“It has not been in the pursuit of pleasure that I have periled life and reputation and reason. It has been the desperate attempt to escape from torturing memories, from a sense of insupportable loneliness and a dread of some strange impending doom.” – Edgar Allan Poe
Developer: Niila Games
Released: 24th August 2020
Price: £4.99 – £6.99
Platforms: Windows, Android, iOS
Available on: Steam, Google Play, Apple Store
Supported by both The Danish Film Institute and The Danish Art Foundation, Stilstand is a bleak, yet subtly comical interactive novel by Ida Hartmann and Niila Games. The game deals with themes of depression, loneliness and anxiety and has the player clinging to the idea of hope whilst smoking, drinking, dating and conversing with their very own monster.
Players of Stilstand take on the role of a young woman struggling through the heat of a summer in Copenhagen. The narrative themes and vague overarching storyline are heavy, dealing with serious subjects such as mental health, in particular, depression and anxiety. The player must witness and even assist the protagonist as she engages in damaging, self-destructive behaviours such as excessive drinking and smoking, isolating herself, and soliciting sexual encounters whilst under the influence.
The game provides a relatable portrayal of many side effects that can be associated with suffering from mental health problems on a long term basis. It captures the feelings of stagnation and loss of self, acknowledging that it leaves the character with little ability or energy to change their situation as well as the seeming melodrama of certain scenarios. Similarly, the difficulty of forming and maintaining relationships is depicted insightfully; social expectations, perceived and real, fuel the young woman’s anxiety, causing her to neglect existing relationships and come on too strongly when forming new ones, only exacerbating her isolation.
Despite the overall melancholy of the game, there is a lightness and subtle humour to the delivery that cannot be overlooked. The comic timing of the dialogue helps provide contrast and create a more rounded experience that isn’t just wholly miserable. This is further assisted by the upfront nature of the obscure and surreal black blob of a monster, representing a sort of tame inner demon who is vividly expressive and strangely nonchalant.
Stilstand is primarily an interactive graphic novel to be clicked through, however, there are a number of more varied interactions throughout. Although a number of these do feel somewhat superficial, such as lifting the character’s arm to drink coffee early on in the game, they become increasingly poignant as the player must also manually smoke and drink alcohol in excess, inspiring feelings of responsibility and guilt that wouldn’t arise without such interactions.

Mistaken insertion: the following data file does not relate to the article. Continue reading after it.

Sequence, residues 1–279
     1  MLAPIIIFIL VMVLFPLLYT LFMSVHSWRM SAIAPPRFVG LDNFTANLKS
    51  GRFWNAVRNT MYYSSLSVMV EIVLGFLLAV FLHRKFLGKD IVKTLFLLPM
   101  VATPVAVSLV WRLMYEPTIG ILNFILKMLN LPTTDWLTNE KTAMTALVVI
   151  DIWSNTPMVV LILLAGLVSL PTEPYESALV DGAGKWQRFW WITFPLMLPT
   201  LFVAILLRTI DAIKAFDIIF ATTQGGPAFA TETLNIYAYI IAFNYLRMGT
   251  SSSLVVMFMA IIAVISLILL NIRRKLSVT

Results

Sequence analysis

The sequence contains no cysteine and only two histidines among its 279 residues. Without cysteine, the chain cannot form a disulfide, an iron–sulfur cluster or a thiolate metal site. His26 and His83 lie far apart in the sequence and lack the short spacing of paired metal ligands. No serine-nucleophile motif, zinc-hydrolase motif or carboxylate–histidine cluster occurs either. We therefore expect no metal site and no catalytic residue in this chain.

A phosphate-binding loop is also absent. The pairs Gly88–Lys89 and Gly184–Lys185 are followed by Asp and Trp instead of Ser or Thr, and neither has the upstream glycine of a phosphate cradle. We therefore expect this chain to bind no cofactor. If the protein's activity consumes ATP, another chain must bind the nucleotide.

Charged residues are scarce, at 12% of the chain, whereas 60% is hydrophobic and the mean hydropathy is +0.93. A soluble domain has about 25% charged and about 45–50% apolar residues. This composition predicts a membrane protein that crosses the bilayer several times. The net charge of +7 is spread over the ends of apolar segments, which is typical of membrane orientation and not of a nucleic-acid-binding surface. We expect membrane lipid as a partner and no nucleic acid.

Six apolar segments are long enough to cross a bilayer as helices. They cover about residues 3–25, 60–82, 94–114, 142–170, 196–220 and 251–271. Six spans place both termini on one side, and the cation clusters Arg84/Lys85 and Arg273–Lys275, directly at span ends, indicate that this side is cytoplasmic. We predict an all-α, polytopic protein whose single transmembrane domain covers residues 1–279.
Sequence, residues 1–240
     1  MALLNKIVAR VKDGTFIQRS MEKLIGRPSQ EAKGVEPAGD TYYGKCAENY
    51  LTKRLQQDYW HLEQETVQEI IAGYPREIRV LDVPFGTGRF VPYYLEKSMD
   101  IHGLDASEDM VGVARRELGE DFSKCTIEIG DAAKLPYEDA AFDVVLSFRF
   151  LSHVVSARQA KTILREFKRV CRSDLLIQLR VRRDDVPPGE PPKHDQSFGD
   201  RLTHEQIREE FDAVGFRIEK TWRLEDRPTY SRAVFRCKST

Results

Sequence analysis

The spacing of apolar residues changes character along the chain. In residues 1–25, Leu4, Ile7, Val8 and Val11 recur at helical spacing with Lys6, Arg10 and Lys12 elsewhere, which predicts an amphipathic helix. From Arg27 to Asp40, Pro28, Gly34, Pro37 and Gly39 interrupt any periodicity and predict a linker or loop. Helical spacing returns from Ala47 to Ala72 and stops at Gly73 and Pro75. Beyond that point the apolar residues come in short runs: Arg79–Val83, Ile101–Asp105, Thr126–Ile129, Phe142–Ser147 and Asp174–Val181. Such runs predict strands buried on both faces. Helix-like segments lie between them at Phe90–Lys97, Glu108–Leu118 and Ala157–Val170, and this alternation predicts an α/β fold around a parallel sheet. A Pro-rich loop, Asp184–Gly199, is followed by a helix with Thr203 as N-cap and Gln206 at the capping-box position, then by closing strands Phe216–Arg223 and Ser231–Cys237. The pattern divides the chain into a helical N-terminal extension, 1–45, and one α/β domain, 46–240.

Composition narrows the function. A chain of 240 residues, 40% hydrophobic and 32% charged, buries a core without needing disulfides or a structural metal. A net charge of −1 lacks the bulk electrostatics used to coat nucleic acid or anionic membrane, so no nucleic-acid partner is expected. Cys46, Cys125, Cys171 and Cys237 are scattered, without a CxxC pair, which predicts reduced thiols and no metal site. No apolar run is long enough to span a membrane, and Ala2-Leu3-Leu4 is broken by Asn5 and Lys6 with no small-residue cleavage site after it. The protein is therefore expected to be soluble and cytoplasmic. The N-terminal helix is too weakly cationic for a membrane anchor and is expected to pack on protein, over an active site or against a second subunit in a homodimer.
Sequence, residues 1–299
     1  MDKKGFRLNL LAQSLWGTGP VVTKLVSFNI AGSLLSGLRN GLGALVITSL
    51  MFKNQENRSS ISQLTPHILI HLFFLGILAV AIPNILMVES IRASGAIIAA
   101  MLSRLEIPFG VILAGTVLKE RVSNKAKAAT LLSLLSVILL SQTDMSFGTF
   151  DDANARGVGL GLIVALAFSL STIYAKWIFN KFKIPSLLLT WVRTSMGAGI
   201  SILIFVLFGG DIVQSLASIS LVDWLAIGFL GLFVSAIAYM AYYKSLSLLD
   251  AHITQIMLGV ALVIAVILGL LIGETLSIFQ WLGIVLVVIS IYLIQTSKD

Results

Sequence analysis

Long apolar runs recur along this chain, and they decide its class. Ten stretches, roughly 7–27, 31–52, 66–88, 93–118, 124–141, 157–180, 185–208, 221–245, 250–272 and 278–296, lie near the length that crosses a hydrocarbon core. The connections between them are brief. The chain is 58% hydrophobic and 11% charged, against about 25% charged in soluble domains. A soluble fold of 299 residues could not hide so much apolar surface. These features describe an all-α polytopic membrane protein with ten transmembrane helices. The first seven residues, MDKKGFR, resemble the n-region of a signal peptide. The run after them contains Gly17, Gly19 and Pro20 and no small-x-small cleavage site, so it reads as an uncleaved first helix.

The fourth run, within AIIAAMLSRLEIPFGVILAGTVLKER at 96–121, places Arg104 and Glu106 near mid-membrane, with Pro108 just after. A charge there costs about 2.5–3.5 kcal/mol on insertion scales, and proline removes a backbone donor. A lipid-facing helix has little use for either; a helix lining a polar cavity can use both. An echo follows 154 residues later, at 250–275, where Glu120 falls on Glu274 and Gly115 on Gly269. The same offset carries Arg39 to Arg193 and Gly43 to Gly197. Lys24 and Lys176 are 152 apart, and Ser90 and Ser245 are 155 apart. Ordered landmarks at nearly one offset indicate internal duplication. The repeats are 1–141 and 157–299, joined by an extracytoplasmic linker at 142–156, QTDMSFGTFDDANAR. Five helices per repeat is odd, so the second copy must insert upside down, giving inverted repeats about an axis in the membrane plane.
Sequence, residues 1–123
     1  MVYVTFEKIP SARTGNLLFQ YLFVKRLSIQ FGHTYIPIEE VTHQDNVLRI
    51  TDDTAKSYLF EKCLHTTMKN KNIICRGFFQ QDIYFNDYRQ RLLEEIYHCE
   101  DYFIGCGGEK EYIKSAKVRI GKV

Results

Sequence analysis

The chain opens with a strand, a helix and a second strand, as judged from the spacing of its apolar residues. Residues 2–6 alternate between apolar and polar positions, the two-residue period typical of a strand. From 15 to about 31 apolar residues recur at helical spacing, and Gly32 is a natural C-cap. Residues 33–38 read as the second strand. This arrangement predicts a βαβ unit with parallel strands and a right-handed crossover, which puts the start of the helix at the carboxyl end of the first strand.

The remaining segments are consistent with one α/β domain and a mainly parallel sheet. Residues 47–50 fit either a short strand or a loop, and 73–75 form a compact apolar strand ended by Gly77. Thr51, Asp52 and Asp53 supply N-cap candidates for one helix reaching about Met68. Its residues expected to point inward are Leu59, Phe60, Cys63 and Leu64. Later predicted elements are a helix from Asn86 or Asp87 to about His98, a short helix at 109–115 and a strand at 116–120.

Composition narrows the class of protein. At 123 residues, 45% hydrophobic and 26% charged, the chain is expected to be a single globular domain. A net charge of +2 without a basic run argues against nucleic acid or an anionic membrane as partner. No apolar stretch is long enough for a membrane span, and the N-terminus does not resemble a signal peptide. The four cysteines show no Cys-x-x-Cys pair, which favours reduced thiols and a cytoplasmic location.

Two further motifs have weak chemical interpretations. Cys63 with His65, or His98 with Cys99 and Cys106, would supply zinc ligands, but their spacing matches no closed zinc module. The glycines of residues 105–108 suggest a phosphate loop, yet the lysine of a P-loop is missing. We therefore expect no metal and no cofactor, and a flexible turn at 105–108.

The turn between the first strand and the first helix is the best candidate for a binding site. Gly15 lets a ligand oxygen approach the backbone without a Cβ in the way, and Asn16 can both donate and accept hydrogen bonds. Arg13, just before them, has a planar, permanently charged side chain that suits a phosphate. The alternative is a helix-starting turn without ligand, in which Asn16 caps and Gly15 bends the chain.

Additionally, there are a number of simple mini-games within Stilstand that break up the comic book panes, and feature much more eclectic interactions, for example, drunkenly attempting to apply lipstick! There are also anxiety-inducing social situations for the protagonist to overcome, both online and in real life, and the player is required to choose between dialogue options that vary from awkward to inappropriate, feeling all the pain of the responses and repercussions.
Stilstand has a harsh, sketchy, black and white aesthetic and features a plethora of haunting hand-drawn artwork. The unique and expressive visuals perfectly match the themes and narrative design of the game and the only instances of colour in the game are minimal pops of a symbolic blue to indicate interaction.
There are some decent sound effects in the game but these are mostly overshadowed by an emotive and genre-spanning variety of music. Tracks range from melancholy, echoing, lethargic piano tunes to mischievous and bouncy sounds to full-blown dance music. The audio really brings the story to life and helps connect the player to the overall experience.
Stilstand is a short game and can easily be completed in less than two hours. Despite this, and whilst it may be a touch too obvious in its thematic delivery it provides an unashamed and brutally honest look at life with mental health problems and all the pitfalls of trying to manage them.
The game is insightful about conditions such as depression and anxiety without either glorifying or demonising sufferers, an unfortunately common pitfall. Instead, it refreshingly inspires empathy for the protagonist without painting her as a victim, her struggle and efforts are quite apparent but so are her flaws and failures. This, when paired with the originality of the dark visuals and cleverly interwoven soundtrack make it an experience that I highly recommend.
For more articles about games and mental health, why not take a look at :
Five Free Games that Attempt to Tackle Mental Health Issues